The bow was not the right thing to do ... it's an action more appropriate by a courtly "Southern gentleman" to an older person ... an gracious form of respect for years of service and personal accomplishment .. but more appropriate in the realm of social situations in the USA.
    But ill advised or not -- except perhaps in the blog-o-sphere and talk radio -- I find that few Americans really think The President was bowing as a subject, or supplicant, to the Emperor of Japan -- and I find only a minority think it's important.  I think it's important and that many are unfamiliar with diplomatic rules and have little cross-cultural knowledge. I don't admire this ignorance  .... but I do observe it. 
             -- Robert Hickey

How Should a Foreign Official Address the POTUS?
     I am drafting a letter from a foreign head of state to President Barack Obama.  Would I simply use the address block, salutation, and complimentary close that you already have listed for addressing the U.S. President, or is there a separate protocol if the letter is coming from a foreign Head of State (in this particular case, Kazakhstan)?
       -- Zoe L. J.

Dear Zoe L. J.,
    Use what I show on my page How To Address The President Of The United States. It will be absolutely correct.
    Since it's an official letter ... is should be formal and what I have there is most formal.
    If there were to be several head-of-state presidents in the room ... an introducer might introduce President Obama and President Nazarbayev so the rest of us would know which president he or she was referring to ...  but should be in conversation with either president, we should directly address the President of the United States in the most formal way (not using his name) as Mr. President .... and the President of Kazakhstan as Mr. President also.

       -- Robert Hickey

Link to Q&A just on How to Address a Former President


"How to Address The President:  He is Not Your Excellency, or Your Honor, But Mr. President." –– From an 1891 issue of The New York Times: in a story reprinted from the Washington Star.
      "If you ask a President's private secretary, he will tell you among other things that not one person out of ten in writing to the President addresses him properly.  Each correspondent seems to follow his own sweet fancy…"
      "To cut a long matter short, let the correct form for addressing the President be given. It is simply this: "Benjamin Harrison, President of the United States, Mr. President."   Then after you have said your say, if you are not proud, you can finish the communication thus: "I have the honor to be, Mr. President, your obedient servant, John Smith..."
      "It is part of the law of nations that they are coequal. The King of Samoa writes to President Harrison in the same terms of equality that are used by the Emperor of Germany, and the President replies in kind …. Yet the King of Samoa is addressed by the President as "Great and good friend", and the President signs himself, "Your good friend." And when Queen Victoria receives a letter from the President she treats him with precisely the same formality and no more".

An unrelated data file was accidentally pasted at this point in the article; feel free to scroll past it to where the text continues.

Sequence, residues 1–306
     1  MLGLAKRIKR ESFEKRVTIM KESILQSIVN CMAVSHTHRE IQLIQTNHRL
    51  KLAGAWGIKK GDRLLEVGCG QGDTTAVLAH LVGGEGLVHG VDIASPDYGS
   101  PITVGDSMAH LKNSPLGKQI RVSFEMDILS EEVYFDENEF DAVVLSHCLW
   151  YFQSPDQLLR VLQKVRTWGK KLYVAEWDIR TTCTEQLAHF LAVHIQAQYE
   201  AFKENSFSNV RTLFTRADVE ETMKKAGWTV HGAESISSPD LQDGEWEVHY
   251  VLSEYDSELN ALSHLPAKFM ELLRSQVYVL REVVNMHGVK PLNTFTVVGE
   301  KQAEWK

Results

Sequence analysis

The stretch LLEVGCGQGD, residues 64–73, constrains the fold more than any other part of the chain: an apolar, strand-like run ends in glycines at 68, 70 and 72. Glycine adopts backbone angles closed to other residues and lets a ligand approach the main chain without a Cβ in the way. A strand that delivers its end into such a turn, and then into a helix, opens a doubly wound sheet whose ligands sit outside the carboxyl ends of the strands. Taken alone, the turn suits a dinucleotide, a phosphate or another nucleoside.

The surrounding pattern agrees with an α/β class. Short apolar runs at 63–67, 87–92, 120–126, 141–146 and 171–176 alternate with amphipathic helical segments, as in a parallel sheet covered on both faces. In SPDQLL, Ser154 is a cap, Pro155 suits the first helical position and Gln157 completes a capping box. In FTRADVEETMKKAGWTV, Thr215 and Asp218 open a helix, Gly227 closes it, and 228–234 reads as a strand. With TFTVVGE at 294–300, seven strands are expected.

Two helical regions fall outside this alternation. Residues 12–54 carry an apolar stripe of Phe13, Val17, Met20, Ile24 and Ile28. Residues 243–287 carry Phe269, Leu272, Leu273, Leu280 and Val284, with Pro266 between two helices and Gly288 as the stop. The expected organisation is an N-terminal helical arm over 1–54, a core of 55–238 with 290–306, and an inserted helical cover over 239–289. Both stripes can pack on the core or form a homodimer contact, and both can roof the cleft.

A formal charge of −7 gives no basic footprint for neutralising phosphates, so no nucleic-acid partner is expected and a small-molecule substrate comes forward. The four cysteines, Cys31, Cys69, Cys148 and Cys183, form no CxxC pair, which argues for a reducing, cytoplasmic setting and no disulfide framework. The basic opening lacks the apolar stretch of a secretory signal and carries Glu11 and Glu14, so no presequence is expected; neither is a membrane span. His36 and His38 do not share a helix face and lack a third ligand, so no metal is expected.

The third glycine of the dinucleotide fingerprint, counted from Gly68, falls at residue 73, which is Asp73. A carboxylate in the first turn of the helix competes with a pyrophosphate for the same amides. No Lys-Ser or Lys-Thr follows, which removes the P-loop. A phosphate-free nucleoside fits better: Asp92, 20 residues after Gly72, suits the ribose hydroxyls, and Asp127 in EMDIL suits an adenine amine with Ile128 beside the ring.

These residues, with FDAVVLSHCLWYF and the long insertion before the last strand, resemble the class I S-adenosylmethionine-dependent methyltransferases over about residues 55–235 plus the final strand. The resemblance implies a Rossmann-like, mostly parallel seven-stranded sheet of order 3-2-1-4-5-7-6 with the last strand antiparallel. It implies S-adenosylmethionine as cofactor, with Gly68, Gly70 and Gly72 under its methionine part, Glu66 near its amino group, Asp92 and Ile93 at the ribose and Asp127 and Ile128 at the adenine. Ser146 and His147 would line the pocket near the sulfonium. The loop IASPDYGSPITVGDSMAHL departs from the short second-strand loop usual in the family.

© The New York Times.


Not Finding Your Question Answered?
Below are other topics covered in my blog and at right is a list of officials, Between the two I probably have what you are looking for.
     After hunting around a bit, if you don't see your question answered send me an e-mail. I am pretty fast at sending a reply: usually the next day (unless I am traveling.)
      If I think your question is of interest to others, I will post the question & answer – with your name and any personal specifics changed.
      -- Robert Hickey

USE OF NAMES & HONORIFICS   
Mr., Miss, Jr., III, & Names        
Married Women       
Deceased Persons         
People with Two Titles
Post-Nominal Abbreviations and Initials         
 
Couples: Private Citizens / Joint Forms of Address 
Couples: U.S. Military / Joint Forms of Address     
Couples: U.S. Officials / Joint Forms of Address      

USE OF SPECIFIC OFFICIAL TITLES        
Former Officials            
Professionals and Academics        

United States Federal Officials, Currently In Office             
United States State Officials, Currently In Office              
United States Municipal Officials, Currently In Office             
       All About The Honorable with U.S. Officials         
       Former United States Officials of all types             
United States Armed Services, Active Duty             
       Addressing Retired Personnel      
       Use of Rank by Retired Personnel      
       Use of Rank by Veterans      

Tribal Officials 
           
Clergy and Religious Officials           
Canadian Officials         
Australian Officials          
British Officials, Royalty, and Nobility        
Diplomats and International Representatives
           
Foreign National Officials and Nobility        

SPECIFIC SITUATIONS
Business Cards       
Couples        
Etiquette
            
Flags and Anthem Protocol             
Introductions
            
Invitations: Writing & Addressing
        
Invitations: Just Armed Service Personnel        
Name Badges & Tags            
Names on Programs, Signs, & Lists            
Naming a Building or Road            
Place Cards            

Plaques, Awards, Diplomas, Certificates    
Precedence: Ordering Officials 
         
Thank You Notes             


Site updated by Robert Hickey on August 31, 2014

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For forms of address for invitations, place cards, name badges, introductions, conversation, and all other formal uses, see Honor & Respect: the Official Guide to Names, Titles, and Forms of Address.

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Photo: Marc Goodman.